Microsurgery: Transplantation and Replantation by Harry J. Buncke, MD, et al.
  Table of Contents / Chapter 24:
Superior Gluteal Free Flap for Breast Reconstruction
  The ipsilateral gluteus muscle is used for breast reconstruction with the patient placed in a lateral decubitus position with the side to be reconstructed facing up. A "beanbag" pillow provides stability and allows the shoulders to be rotated so that the anterior chest wall is in a plane more parallel to the floor while the hips are nearly perpendicular to the floor. This positioning allows two teams of surgeons to work simultaneously: one to harvest the flap and the other to prepare the recipient site.

When the recipient site is ready and the flap dissection completed, the pedicle is ligated and transected, and the flap is brought up to the chest. Hemostasis and closure of the donor site are then performed expeditiously. The beanbag is deflated and the patient brought into a more supine position for the microsurgical anastomoses.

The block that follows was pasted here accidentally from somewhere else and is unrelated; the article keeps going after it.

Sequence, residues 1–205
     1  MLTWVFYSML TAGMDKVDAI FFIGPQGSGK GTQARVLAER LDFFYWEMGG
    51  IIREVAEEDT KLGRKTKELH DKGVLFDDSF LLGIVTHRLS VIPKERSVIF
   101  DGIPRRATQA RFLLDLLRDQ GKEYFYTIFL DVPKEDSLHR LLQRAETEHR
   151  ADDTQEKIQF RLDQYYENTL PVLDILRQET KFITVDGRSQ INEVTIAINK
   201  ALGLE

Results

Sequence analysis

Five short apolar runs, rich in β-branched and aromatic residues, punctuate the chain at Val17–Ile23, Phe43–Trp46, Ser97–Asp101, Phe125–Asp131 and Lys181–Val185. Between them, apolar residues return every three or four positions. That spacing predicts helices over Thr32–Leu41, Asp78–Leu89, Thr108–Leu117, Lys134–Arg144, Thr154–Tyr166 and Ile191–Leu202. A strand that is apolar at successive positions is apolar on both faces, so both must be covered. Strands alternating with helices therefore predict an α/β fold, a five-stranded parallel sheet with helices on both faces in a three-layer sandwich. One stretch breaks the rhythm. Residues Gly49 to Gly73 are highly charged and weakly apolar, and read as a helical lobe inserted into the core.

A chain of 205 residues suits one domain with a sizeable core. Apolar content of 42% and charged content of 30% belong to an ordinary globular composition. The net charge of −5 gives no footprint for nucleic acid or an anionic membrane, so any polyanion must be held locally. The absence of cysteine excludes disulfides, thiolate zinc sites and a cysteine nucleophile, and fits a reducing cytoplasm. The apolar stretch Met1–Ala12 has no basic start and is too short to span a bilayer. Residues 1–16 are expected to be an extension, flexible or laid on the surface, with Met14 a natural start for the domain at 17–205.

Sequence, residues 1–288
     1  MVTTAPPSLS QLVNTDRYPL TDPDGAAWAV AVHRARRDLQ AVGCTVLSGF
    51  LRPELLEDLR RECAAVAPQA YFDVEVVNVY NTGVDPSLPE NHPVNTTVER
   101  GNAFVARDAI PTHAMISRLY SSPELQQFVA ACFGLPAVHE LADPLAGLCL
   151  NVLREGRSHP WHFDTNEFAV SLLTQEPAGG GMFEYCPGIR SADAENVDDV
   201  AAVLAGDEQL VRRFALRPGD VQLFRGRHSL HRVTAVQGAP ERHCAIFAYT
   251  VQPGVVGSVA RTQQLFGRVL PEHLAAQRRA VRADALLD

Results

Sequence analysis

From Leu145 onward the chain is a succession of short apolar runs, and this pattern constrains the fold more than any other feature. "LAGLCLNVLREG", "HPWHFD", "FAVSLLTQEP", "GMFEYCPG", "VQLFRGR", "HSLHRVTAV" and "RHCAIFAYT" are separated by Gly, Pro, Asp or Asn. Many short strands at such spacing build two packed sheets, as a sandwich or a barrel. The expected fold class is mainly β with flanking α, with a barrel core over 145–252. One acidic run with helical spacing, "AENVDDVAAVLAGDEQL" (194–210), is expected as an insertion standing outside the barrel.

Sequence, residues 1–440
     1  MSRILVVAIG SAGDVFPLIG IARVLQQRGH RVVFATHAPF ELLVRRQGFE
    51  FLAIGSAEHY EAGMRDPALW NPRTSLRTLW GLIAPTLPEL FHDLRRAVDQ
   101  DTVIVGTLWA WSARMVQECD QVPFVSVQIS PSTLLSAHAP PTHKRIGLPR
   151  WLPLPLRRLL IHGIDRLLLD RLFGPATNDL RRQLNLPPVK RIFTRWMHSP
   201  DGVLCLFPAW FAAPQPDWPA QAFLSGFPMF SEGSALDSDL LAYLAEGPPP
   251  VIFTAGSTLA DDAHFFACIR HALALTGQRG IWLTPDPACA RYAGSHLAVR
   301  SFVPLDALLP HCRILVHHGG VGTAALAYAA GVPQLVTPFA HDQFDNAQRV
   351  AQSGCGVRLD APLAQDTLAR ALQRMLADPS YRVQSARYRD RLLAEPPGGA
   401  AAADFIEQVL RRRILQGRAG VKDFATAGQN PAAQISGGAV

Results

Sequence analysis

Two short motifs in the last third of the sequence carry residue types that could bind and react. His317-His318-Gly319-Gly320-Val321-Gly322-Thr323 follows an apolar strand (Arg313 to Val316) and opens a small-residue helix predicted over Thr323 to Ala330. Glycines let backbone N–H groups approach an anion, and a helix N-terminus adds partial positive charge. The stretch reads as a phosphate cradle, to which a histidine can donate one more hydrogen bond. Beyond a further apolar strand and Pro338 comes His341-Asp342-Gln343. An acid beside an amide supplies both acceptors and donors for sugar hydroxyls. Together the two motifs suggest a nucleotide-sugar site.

Preoperatively, the inframammary line is determined and marked with the patient in an erect position. Ignoring transverse mastectomy incisions, a curvilinear "hockey-stick" incision is made beginning at the anterior axillary fold and proceeding inferiorly to the inframammary crease and then curving up and medially. The skin flaps are raised superiorly and inferiorly. The third or fourth rib is identified, the perichondrium is incised, and the cartilage is resected subperichondrially. The back wall of the periochondrium is then incised, and the internal mammary vessels are identified about 1 cm lateral to the edge of sternum. These delicate vessels are dissected maintaining a thin cuff of investing tissues, branches are cauterized with the bipolar forceps or tied, and a 4 cm length of vessel is prepared for end-to-end anastomosis by division and ligation of the distal end of the internal mammary vessels.


The perichondrium is closed with care not to compress the pedicle. If the recipient veins are too small, as they are in one-third of the cases, an alternative must be sought. Several choices are available:

1. An interposition vein graft, harvested from the leg, may be used to anastomose to the axillary vein.

2. The cephalic vein may be dissected and turned down into position on the chest wall.

3. The external jugular vein, through two incisions, can be transposed over the clavicle to allow an anastomosis with or without interposition vein grafts.

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